A calorie-restricted diet (independent of macronutrient composition) should be recommended to overweight and obese patients. A higher protein diet may be beneficial to older individuals, as this helps prevent the loss of lean mass. Providing calorie targets can be helpful in keeping patients on track to lose 1 to 2 pounds per week, and weight-loss apps and activity trackers can offer tailored guidance based on weight and age.
“It’s important to manage expectations,” she said. Although a patient might want to get back to an unrealistic weight, that is not always necessary to improve health. Sustained weight loss of as little as 3% to 5% can reduce the risk of type 2 diabetes and cardiovascular disease. Regular physical activity, resistance training for older individuals, and reducing sedentary behaviors and “screen time” are also vital, she added.
When talking to patients about weight loss, providers should remain respectful and nonjudgmental and should start by discussing the health risks of excess weight. “The term ‘obesity’ might seem neutral and clinical to us, but it’s not so neutral to our patients,” she said. Patients tend to prefer terms like “weight” or “BMI” to “obesity” or “excess fat.” Be sensitive to cultural differences about weight, favorite foods, social norms and practices, and related issues, she added.
Assess readiness, she urged. Not every patient is ready to engage in a weight-loss program, but many could still benefit from a discussion about the health benefits of losing weight. “Maybe they’re willing to make some small changes,” she said. “Small changes can pave the way for bigger changes later on.”
Engage patients and discuss their typical eating, drinking, and physical activity habits, and if necessary, spread these questions out over the course of several visits. “Sometimes we need to query deeper into what our patients are experiencing and what their preferences and perceptions are,” she said.
The Oncologist’s Influence
IN A STUDY of endometrial cancer survivors,8 about half of those surveyed said they had received counseling from their primary care provider about weight loss, but only about a third reported receiving any counseling from their gynecologic oncologist. Of those counseled about weight loss from their primary care provider, 56% reported a weight loss attempt, but 100% of patients counseled by their oncologist reported a weight loss attempt. Notably, of those who did not receive counseling by either provider, none attempted weight loss. “This points to a teachable moment,” she said.
She strongly encourages use of the ASCO Provider Toolkit (www.asco.org/practice-guidelines/cancer-care-initiatives/prevention-survivorship/obesity-cancer), which offers helpful instruments for both patients and providers, including obesity prevention and treatment guidelines as well as guidance on coverage and reimbursement for obesity prevention and treatment.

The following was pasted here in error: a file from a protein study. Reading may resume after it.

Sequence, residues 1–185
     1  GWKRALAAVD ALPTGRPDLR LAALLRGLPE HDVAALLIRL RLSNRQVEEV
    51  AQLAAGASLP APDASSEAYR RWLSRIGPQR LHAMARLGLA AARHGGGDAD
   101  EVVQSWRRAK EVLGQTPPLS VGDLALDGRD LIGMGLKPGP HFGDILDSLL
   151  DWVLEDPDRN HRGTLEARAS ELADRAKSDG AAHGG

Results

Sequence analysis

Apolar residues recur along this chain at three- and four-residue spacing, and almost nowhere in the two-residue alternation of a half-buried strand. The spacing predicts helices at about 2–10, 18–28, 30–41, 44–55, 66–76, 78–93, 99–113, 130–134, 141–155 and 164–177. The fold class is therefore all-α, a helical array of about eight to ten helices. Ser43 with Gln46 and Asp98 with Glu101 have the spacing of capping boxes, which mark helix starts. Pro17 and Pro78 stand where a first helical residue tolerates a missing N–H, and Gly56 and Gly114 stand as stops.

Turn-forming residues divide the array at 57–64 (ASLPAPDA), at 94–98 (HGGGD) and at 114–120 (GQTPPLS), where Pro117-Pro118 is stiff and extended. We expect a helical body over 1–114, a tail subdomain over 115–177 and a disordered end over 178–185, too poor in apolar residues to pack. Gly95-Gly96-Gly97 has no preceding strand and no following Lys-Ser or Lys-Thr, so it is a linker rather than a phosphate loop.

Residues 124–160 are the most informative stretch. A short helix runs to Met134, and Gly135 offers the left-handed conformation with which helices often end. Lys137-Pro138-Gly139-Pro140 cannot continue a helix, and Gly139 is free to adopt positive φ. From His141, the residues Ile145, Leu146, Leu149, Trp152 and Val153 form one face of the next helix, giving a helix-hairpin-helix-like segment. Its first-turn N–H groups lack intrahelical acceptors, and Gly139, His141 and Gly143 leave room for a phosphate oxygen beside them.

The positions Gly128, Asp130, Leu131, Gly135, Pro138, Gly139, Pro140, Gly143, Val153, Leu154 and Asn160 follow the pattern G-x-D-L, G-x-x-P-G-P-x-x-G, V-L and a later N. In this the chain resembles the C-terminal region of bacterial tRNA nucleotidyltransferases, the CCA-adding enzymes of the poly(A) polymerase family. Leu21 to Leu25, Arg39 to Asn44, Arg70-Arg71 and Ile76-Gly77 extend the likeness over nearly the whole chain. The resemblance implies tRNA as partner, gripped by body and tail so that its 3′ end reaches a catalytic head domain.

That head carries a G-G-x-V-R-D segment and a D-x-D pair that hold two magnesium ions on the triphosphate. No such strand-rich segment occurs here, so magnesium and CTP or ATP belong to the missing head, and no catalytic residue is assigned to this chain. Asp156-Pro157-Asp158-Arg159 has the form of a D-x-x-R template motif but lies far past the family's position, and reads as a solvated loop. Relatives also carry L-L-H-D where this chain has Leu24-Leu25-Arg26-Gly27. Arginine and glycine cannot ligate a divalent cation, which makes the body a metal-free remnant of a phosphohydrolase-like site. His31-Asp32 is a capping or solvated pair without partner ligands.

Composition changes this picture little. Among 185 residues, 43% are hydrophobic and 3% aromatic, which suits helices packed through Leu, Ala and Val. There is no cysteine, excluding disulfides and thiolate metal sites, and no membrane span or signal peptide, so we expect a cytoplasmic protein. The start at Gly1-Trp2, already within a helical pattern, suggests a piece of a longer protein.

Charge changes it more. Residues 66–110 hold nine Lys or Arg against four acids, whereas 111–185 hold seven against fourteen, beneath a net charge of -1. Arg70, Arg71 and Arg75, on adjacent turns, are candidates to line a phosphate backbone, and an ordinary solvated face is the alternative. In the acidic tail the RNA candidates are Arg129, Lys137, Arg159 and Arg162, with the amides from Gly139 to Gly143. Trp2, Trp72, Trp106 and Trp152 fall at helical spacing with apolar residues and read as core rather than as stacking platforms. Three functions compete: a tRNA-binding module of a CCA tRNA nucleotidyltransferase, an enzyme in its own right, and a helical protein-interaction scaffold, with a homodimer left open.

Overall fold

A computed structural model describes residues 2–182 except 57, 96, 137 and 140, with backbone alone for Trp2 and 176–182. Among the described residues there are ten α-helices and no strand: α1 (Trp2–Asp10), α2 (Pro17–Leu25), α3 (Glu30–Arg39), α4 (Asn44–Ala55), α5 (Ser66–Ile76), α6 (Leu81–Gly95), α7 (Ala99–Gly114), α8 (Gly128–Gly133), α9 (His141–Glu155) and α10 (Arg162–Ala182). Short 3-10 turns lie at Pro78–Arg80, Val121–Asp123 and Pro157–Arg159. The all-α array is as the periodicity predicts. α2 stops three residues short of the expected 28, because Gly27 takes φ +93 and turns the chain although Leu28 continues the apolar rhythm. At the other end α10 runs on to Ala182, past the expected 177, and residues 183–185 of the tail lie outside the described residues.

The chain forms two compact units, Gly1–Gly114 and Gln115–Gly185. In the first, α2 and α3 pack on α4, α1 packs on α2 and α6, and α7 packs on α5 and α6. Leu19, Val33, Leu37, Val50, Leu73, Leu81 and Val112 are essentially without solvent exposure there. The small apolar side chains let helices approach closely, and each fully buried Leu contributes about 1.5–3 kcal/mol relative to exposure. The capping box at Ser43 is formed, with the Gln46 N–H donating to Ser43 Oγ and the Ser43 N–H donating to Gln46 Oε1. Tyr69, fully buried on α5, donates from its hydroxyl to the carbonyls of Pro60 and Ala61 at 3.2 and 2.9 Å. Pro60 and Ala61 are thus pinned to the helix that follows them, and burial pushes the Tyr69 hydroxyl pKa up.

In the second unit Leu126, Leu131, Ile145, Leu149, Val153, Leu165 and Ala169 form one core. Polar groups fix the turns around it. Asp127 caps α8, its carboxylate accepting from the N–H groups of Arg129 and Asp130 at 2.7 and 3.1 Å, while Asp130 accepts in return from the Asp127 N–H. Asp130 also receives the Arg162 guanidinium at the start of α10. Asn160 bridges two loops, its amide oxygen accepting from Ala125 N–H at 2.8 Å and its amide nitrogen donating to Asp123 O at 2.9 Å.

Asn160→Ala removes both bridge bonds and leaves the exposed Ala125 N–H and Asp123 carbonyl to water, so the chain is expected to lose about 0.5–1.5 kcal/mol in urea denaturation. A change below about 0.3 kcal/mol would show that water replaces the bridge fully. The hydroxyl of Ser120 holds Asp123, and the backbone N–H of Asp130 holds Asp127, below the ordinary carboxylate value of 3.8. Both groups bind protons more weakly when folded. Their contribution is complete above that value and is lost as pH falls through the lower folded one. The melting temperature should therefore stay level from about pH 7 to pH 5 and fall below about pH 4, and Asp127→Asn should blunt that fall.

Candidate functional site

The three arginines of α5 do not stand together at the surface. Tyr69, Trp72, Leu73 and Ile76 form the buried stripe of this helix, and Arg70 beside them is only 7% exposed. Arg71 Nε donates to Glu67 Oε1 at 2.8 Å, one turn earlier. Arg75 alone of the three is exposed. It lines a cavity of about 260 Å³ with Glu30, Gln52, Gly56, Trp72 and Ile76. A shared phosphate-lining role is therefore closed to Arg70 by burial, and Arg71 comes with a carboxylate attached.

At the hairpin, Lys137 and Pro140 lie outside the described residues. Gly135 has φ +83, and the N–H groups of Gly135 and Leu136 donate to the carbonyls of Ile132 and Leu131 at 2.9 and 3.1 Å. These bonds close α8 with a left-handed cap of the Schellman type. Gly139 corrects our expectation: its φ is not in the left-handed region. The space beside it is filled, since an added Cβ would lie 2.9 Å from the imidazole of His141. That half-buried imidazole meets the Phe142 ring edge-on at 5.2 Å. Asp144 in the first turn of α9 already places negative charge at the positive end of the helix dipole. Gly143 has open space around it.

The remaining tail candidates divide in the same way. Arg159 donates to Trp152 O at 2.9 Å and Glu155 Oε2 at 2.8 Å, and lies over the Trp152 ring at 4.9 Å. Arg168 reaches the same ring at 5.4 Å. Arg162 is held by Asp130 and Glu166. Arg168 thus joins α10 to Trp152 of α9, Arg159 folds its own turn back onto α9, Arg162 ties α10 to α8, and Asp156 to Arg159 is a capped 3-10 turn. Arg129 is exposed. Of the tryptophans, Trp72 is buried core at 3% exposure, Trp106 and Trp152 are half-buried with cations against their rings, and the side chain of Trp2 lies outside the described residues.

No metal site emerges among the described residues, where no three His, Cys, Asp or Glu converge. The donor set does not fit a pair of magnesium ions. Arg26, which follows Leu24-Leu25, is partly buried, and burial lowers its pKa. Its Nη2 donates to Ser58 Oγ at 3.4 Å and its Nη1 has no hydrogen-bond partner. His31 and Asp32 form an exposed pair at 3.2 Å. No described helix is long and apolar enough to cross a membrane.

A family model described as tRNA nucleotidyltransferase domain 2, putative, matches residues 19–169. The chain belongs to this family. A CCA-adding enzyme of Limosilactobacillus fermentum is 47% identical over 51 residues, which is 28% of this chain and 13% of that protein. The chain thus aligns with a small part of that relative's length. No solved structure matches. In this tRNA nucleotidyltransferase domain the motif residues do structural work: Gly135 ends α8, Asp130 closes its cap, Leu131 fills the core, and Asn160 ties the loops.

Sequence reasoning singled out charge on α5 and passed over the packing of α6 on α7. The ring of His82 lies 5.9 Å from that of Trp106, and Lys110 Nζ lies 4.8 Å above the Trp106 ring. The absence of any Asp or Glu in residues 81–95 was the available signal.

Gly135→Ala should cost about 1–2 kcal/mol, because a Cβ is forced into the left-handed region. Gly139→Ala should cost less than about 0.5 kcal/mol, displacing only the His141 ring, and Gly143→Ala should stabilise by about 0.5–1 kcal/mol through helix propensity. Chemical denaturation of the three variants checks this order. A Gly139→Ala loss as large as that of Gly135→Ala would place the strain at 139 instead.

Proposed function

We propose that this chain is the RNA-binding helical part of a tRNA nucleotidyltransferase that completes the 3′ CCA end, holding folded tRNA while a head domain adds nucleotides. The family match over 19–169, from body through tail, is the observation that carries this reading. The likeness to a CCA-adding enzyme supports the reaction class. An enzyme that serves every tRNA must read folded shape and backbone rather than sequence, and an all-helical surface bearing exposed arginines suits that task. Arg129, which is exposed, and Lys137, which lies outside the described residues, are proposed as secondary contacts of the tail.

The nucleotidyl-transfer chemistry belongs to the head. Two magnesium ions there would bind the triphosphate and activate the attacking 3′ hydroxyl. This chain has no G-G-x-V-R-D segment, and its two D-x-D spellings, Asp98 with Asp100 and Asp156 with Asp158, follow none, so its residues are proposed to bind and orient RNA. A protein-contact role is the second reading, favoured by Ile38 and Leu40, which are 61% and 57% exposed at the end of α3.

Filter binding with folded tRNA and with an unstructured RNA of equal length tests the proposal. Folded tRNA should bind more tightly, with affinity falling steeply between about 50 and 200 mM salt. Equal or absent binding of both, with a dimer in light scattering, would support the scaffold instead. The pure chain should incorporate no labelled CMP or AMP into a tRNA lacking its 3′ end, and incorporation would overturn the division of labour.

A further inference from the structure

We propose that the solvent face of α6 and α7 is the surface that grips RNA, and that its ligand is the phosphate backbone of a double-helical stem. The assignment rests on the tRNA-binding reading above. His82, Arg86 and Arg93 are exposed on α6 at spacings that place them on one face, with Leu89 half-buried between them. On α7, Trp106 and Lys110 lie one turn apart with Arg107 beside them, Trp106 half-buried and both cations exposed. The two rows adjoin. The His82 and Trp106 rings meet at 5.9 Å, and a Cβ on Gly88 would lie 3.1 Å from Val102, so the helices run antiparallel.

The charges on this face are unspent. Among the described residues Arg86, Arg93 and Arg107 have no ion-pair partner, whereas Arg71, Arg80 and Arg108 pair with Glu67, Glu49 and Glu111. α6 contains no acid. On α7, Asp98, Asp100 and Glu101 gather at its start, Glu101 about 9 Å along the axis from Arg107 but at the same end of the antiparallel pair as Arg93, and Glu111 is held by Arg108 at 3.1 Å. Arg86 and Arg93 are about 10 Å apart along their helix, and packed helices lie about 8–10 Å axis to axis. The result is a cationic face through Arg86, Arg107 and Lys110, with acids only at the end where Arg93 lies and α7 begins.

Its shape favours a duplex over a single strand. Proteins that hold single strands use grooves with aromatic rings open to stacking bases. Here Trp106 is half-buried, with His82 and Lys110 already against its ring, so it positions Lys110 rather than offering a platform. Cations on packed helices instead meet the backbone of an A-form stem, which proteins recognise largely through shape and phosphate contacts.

With her colleagues, Dr. Basen-Engquist has helped to organize a National Cancer Policy Forum Workshop on translating physical activity and weight management research into practice. To download the workshop proceedings, visit www.nationalacademies.org/NCPF. ■
DISCLOSURE: Dr. Basen-Engquist reported no conflicts of interest.
1. Basen-Engquist K: Obesity in the cancer survivor population. 2018 Cancer Survivorship Symposium. Presented February 16, 2018.
2. Chan DS, Vieira AR, Aune D, et al: Body mass index and survival in women with breast cancer: Systematic literature review and meta-analysis of 82 follow-up studies. Ann Oncol 25:1901-1914, 2014.
3. Niraula S, Ocana A, Ennis M, et al: Body size and breast cancer prognosis in relation to hormone receptor and menopausal status: A meta-analysis. Breast Cancer Res Treat 134:769-781, 2012.
4. Guenancia C, Lefebvre A, Cardinale D, et al: Obesity as a risk factor for anthracyclines and trastuzumab cardiotoxicity in breast cancer: A systematic review and meta-analysis. J Clin Oncol 34:3157-3165, 2016.
5. Rock CL, Flatt SW, Byers TE, et al: Results of the exercise and nutrition to enhance recovery and good health for you (ENERGY) trial: A behavioral weight loss intervention in overweight or obese breast cancer survivors. J Clin Oncol 33:3169-3176, 2015.
6. Harrigan M, Cartmel B, Loftfield E, et al: randomized trial comparing telephone versus in-person weight loss counseling on body composition and circulating biomarkers in women treated for breast cancer: The lifestyle, exercise, and nutrition (LEAN) study. J Clin Oncol 34:669-676, 2016.
7. Demark-Wahnefried W, Morey MC, Sloane R, et al: Reach out to enhance wellness home-based diet-exercise intervention promotes reproducible and sustainable long-term improvements in health behaviors, body weight, and physical functioning in older, overweight/obese cancer survivors. J Clin Oncol 30:2354-2361, 2012.
8. Clark L, Ko E, Kernodle A, et al: Endometrial cancer survivors’ perceptions of provider obesity counseling and attempted behavior change: Are we seizing the moment? Int J Gynecol Cancer 26:318-324, 2016.